Ave Maria!
I just had a discussion with a fellow Swede about
multiculturalism. It is difficult subject.
We ended up talking about immigration as that seems to be the essence of multiculturalism.
This topic is very emotional for most Swedes.
Multiculturalism seems to force us to learn about all kinds of different cultures. How is that even possible. It is not. We cannot learn about let’s sy 15 different cultures. In fact in one culture there a subcultures.
Anyway, what has the Church said about this?

The Church is quite possibly the most multi-cultural institution on the planet. I’m not sure what you’re looking for?


Correct me if I’m wrong, but, from what I have heard, there is a problem in Sweden with a large influx of immigrants not assimilating within wider Swedish society. Are you asking what does the Church say about nations insisting on a certain degree of cultural homogeneity?

All I know is that the Church upholds the right of immigrants to seek a better life elsewhere, but, they must respect the laws and customs of the countries that let them in.


For me, multiculturalism is only a problem if its goal/aim is to push out Christian/Catholic culture, particularly in a country where that is the dominant culture. As for different races and ethnicities living together in one country, I’m not bothered by it.

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I think the Church says we are all God’s children, all created in the image and likeness of God, and loved by God.

Jesus prayed that we would be one. (John 17:20-23)


As somebody living in a very diverse environment I would say multiculturalism is not much about learning about different cultures (even if learning abut it could be quite interesting) but respecting the ‘other’ as a precious child of God.


Many immigrants have a Catholic tradition and that is good but I would still never want to visit places with nearly all people being immigrants or children of immigrants.
I feel like I do not belong there.
I am more comfortable with places where Swedes live.
Also, I feel Swedish is way easier than the “strange” Arabic language. Mant immigrants have weird behaviors. Sure, it would be normal in their home countries.
I feel out of place in “segregated” areas.

Nowadays we see the problem with immigration. I say this, if we cannot take care of our homeless people then how can we take care of all the immigrants?
Also, I have not much energy to learn about their cultures.
What to make of all this?

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No disrespect, but you sound very close minded and phobic. You may wish to explore this.


How on earth is learning about other cultures impossible?

It is easier to learn about European cultures than eg Arabic cultures.

I am not afraid of other cultures. I have for example attened Coptic Orthodox Liturgies.
The problem I have is people using different ways of looking at social rules. I guess we cannot have too msny system at once.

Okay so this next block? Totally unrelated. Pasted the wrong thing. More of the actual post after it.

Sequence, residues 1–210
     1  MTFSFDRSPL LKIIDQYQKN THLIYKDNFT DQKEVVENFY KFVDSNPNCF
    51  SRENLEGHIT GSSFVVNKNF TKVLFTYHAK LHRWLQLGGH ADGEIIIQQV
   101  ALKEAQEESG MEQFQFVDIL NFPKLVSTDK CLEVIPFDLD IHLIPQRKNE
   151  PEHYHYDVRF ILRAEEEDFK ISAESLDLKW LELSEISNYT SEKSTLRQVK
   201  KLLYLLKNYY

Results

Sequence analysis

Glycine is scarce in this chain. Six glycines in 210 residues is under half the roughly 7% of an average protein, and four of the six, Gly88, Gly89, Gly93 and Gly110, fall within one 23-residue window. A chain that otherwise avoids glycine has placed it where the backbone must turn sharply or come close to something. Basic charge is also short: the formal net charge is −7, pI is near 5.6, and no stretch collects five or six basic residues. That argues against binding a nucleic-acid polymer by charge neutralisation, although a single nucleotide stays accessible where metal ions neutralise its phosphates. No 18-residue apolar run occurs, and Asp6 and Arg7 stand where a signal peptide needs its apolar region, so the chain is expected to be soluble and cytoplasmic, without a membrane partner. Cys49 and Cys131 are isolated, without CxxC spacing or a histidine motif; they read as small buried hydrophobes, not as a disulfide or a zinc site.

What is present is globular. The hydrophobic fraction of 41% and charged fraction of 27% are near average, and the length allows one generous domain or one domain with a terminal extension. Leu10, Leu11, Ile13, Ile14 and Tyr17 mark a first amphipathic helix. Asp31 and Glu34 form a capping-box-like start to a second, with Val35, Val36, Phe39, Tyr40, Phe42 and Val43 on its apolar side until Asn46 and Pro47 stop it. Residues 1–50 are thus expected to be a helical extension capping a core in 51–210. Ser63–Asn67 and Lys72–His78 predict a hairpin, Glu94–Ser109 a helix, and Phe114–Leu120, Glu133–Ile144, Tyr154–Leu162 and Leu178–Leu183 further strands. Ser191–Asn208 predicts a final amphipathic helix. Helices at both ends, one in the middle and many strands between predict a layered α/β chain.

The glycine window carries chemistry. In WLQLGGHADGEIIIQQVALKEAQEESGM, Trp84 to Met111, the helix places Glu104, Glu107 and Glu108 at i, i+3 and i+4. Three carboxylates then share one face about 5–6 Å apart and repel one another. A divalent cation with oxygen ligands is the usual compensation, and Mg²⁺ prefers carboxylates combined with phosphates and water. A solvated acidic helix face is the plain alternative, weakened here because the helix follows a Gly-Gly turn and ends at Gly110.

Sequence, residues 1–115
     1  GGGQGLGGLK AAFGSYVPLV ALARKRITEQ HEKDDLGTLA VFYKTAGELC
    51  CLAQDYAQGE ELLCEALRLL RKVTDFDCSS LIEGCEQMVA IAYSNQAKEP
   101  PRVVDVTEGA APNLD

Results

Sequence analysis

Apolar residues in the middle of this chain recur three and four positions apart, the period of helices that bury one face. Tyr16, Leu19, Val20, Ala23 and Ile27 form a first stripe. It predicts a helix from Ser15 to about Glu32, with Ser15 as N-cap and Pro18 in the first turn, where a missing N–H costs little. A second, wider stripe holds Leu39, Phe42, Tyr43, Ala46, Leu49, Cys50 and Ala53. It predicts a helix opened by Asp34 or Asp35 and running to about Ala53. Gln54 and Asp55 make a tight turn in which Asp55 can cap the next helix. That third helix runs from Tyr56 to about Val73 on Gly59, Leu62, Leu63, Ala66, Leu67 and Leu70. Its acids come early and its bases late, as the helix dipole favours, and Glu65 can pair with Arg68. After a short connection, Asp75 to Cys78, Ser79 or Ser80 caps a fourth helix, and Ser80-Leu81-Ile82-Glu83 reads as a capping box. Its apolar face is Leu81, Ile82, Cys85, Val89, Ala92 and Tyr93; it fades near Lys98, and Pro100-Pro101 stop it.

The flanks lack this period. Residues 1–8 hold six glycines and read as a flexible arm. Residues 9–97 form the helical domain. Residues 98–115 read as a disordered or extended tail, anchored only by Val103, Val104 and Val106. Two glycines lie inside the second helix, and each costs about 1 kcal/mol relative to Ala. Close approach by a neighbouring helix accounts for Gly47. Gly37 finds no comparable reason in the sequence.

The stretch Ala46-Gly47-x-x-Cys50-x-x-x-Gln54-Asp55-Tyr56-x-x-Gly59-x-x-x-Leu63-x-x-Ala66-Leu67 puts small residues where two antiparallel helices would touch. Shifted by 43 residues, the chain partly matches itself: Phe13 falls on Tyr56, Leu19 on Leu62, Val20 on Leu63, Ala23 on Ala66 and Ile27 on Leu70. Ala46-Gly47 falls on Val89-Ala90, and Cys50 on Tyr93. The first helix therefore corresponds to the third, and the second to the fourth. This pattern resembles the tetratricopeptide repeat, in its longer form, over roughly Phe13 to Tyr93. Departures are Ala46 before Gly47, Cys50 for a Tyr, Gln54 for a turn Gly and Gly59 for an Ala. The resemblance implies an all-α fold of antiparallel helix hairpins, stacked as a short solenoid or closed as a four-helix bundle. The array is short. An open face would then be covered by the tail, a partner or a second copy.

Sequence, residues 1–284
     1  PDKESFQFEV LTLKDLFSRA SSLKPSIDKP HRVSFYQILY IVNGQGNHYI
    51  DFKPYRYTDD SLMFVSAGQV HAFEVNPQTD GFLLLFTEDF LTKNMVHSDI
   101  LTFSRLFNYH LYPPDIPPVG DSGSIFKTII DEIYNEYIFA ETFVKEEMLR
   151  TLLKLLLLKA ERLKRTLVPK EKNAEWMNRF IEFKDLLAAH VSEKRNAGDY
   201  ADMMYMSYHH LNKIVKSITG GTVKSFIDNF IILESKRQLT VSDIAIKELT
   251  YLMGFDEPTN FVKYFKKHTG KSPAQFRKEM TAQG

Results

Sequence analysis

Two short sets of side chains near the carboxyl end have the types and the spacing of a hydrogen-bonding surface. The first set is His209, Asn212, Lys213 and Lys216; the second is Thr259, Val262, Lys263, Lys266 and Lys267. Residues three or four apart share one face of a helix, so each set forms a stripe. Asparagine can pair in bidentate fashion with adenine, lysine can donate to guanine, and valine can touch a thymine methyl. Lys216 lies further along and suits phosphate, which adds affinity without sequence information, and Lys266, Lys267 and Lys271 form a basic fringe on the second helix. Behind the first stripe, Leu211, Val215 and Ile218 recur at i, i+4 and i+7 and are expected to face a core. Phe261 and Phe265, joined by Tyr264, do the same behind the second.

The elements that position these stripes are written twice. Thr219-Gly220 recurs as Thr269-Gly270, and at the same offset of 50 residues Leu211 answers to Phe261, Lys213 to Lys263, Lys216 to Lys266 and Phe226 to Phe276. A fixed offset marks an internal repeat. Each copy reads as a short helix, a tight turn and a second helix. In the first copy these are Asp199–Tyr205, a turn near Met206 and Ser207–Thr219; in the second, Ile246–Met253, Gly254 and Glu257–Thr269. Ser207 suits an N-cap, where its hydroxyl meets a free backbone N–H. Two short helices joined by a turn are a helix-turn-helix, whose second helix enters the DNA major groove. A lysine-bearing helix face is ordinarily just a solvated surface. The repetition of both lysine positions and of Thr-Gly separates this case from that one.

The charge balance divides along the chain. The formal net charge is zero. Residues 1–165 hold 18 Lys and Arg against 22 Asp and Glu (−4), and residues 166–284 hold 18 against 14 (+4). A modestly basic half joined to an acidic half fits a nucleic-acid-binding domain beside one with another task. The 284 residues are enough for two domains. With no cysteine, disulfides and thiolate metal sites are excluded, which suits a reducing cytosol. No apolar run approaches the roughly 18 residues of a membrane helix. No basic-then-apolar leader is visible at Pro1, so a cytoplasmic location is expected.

There is also a reason why eg Polish people sometimes attend Mass in Polish.

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Just because something is difficult doesn’t mean it’s not worthwhile :innocent:


Yes but…cant I simply not have my own culture?

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But look guys…I want official statements from the Church.

You don’t have to surrender your own culture to learn about others. :face_with_raised_eyebrow:


I am now learning Italian ans it takes time. I cannot learn too many languages.
Learn Arabic?

You do not have to master foreign languages to learn about other cultures.


Ok. What part of other cultures should I learn. I did take a course in Eastern/Oriental Catholic traditions at the local Parish. Is that the way to go? I would still feel a bit out of place at a Melkite Divine Liturgy. I would understand thst it is a Catholic Mass.
I find that I need to live in a culture in order to understand it. That takes time and lots of energy.
If I traveled back to the time of Jesus I would probably feel like a foreigner even if Jesus would be kind to me. The people I met at the Coptic church were nice but I could never fit in culturaly. But we had the same faith in Jesus.

Have you actually tried to get to know anyone with a different cultural background to you? Instead of dismissing them as “weird” with “strange” languages, why not talk to them with an open mind? It is never a bad thing to learn about different cultures. You don’t need to learn a new language or dedicate a significant amount of time to do it, just get to know people around you.


Most people can’t do that, but it’s not an all-or-nothing endeavor.

Learn their customs and manners. Find a recipe and cook something they eat. Maybe learn some greetings in their language. (There’s no shortage of Youtube videos on this). If you enjoy books, read about their history, or their politics and what type of turmoil made them leave. Learn as much as you like, but commit to learning a bare minimum.

Consider volunteering 1-2 hours weekly in a Catholic ministry or secular agency that works with immigrants and refugees. Read to the children and teach them new words in Swedish. Foreign people really aren’t so intimidating once you share a meal together. :slight_smile:

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